Spector Prosecutor Makes Closing Remarks
Wednesday, September 5, 2007; 11:17 PM
LOS ANGELES -- In a hushed courtroom, the dead Lana Clarkson came to life on a video screen Wednesday, smiling, laughing and dancing, her appearance juxtaposed with the testimony of five women at Phil Spector's murder trial as they recounted confrontations with Spector, a gun and threats of death.
"This is Lana Clarkson," said prosecutor Alan Jackson, in the tone of a master of ceremonies introducing a star, as he concluded his closing argument to the jury.
The scenes, accompanied by music, were excerpts from a self-produced video of Clarkson that was introduced in evidence by the defense. They were the most flattering segments of Clarkson, emphasizing the actress' beauty and ebullience.
Countering defense claims that Clarkson shot herself, Jackson said she had career plans and wanted to live.
In the final moments of his daylong closing, Jackson made liberal use of TV footage of witnesses _ five women who told of being threatened by a gun-wielding, drunken Spector in the past, some as long as 30 years ago, and the chauffeur who told of seeing Spector come out of his mansion with a gun in his hand declaring, "I think I killed somebody."
Jackson suggested the words "probably should have been: 'I finally killed somebody.'"
Spector, the 67-year-old producer of past hit records, is accused of second-degree murder in the death of the 40-year-old Clarkson, who died of a gunshot fired in her mouth while seated in the foyer of his home about 5 a.m. on Feb. 3, 2003. The jury is expected to get the case Friday.
Jackson played video excerpts from testimony of all five women, editing their remarks to focus on Spector's drinking habits, use of guns and events that led up to threats in decades past when they tried to leave his home or a hotel room.
"There's a recipe for what sets Mr. Spector off," Jackson said. "There's a reason why he does what he does."
The prosecutor focused on the phrase "I think I killed somebody," which chauffeur Adriano De Souza testified Spector uttered.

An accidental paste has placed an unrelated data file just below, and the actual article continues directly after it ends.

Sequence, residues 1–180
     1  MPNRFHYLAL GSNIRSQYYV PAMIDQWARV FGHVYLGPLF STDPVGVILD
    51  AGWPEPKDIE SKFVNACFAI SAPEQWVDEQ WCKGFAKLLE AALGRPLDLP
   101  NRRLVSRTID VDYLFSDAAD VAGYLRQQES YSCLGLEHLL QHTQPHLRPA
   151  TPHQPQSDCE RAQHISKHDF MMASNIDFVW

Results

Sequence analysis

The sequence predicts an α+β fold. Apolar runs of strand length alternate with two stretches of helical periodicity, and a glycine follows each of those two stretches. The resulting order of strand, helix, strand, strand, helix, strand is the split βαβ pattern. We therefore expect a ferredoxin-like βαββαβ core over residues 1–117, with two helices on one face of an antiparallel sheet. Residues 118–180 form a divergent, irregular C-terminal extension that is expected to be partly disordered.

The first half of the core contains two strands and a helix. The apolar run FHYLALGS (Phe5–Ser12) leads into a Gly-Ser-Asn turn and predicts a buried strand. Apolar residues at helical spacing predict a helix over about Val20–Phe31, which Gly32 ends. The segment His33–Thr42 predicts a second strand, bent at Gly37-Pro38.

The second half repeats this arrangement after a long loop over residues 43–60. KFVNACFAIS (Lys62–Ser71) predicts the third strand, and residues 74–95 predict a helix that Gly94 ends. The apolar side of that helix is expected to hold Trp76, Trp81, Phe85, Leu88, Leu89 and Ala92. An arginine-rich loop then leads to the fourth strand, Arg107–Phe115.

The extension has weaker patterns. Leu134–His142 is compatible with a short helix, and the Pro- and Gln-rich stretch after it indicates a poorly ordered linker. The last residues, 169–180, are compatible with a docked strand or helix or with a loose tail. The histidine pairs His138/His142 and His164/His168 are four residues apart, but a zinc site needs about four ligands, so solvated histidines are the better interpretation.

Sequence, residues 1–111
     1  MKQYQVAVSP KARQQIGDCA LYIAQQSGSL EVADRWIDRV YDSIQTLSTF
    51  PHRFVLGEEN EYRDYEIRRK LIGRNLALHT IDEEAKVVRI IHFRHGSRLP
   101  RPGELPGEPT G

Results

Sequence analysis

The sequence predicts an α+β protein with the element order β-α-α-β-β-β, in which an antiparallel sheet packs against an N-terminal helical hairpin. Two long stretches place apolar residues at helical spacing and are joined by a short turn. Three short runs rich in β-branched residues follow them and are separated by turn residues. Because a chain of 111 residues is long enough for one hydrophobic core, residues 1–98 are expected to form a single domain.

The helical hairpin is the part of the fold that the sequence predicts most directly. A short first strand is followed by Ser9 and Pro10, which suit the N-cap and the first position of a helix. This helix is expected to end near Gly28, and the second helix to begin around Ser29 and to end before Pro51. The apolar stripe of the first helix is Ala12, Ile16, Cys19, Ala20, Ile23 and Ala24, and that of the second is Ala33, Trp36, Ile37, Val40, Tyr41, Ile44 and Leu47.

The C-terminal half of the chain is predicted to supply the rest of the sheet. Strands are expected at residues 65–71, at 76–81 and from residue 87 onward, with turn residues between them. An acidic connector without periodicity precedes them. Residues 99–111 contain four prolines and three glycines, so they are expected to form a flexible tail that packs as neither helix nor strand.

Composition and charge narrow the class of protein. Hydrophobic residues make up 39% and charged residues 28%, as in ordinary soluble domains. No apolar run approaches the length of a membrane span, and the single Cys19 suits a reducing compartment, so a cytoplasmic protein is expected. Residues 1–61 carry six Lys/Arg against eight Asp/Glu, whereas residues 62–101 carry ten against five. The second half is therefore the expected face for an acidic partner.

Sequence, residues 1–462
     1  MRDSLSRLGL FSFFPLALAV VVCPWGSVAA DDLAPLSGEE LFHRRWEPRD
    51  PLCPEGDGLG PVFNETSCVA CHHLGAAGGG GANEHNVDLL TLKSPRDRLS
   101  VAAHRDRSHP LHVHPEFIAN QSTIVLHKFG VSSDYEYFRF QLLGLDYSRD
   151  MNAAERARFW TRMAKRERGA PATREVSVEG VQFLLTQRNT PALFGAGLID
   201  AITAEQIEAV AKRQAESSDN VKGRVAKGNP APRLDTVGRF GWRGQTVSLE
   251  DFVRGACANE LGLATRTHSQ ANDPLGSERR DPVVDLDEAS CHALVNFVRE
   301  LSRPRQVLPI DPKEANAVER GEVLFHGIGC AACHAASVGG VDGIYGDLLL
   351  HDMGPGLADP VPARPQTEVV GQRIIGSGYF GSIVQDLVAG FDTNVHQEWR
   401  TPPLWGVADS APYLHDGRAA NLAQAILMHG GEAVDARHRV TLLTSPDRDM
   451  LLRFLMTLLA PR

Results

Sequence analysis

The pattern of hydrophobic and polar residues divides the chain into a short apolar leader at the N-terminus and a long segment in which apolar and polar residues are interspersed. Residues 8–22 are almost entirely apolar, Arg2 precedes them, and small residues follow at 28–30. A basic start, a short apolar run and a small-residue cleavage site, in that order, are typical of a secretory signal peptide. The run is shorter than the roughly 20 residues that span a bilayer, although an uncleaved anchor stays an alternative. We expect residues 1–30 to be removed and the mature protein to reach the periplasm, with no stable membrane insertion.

"Did he even remember her name?" Jackson said. "Was she just an anonymous somebody who deserved a bullet in her head? No. She had a heart and a soul. She had her ups and downs. She was a sister, a daughter, a friend. She was very much a human being and she deserved so much more than just to be somebody."
He then showed the upbeat video. Clarkson's mother, in a front-row seat, began to sob.
Jackson was low-key early in his summation but turned up the drama late in the day. He used charts with headlines such as "Bending and Twisting the Truth" to describe defense scientists, and "The True Evidence" when discussing testimony of prosecution experts.
He played a profanity-laced recording of Spector leaving answering machine messages for one of the five women. The prosecutor highlighted a profane statement attributed to Spector saying that all women deserved a bullet through the head.
"And how did Lana Clarkson meet her fate?" he said. "Sitting in the foyer of his house with a bullet in her head."
His voice rose to a near shout as he denounced Spector for failing to call 911 to help Clarkson.
"Even a 3-year-old knows to call 911," he said. "Lana Clarkson was lying dead in Phil Spector's foyer, and he never called 911. What's the explanation? Panic?"
He answered the question: "Who's the last person you want showing up on your doorstep if you just killed someone? The police."
Toward the end of his argument, Jackson drew a chair toward the jury box and sat down, saying he wanted to "visit" with the jury and talk about the case in commonsense terms.
"Lana Clarkson is entitled to your justice," he said.
The defense's closing argument was to be delivered Thursday by attorney Linda Kenney-Baden. Superior Court Judge Larry Paul Fidler asked Spector whether he was sure that he wanted Kenney-Baden to do the summation, since she was out sick for much of the defense's case. Spector said he did.
Kenney-Baden was the subject of remarks by Jackson attacking the testimony of her husband, forensic pathologist Dr. Michael Baden, a key defense witness. Jackson said Baden took a vow to tell the truth but his marriage vows might have overwhelmed that, suggesting he tailored his testimony to help his wife win.
The prosecutor accused the defense of using Spector's money to "buy" scientific opinions, calling witnesses who sought the limelight and dragging Clarkson's reputation through the mud.
"She's been murdered twice," Jackson said. "She was murdered once on Feb. 3, 2003, by Phillip Spector when he put a gun in her mouth and that gun went off. And her character has been assassinated over the last four months through the presentation of the defense evidence, attempting to paint her in a way that simply isn't true."
The prosecutor said Spector's team presented "a checkbook defense."
"You hire enough lawyers to hire enough experts. If you pay someone enough money you can get them to wear a tutu in court. You can get them to say just about anything in court."
The defense at one point complained that Jackson had gone over the line with accusations that suggested Spector's attorneys told witnesses what to say.
The judge agreed that was improper and said he would instruct jurors on the point.
Spector was famed for his "Wall of Sound" recording technique, which made him a leading producer of rock music in the 1960s and '70s. Clarkson appeared in the 1985 cult film "Barbarian Queen."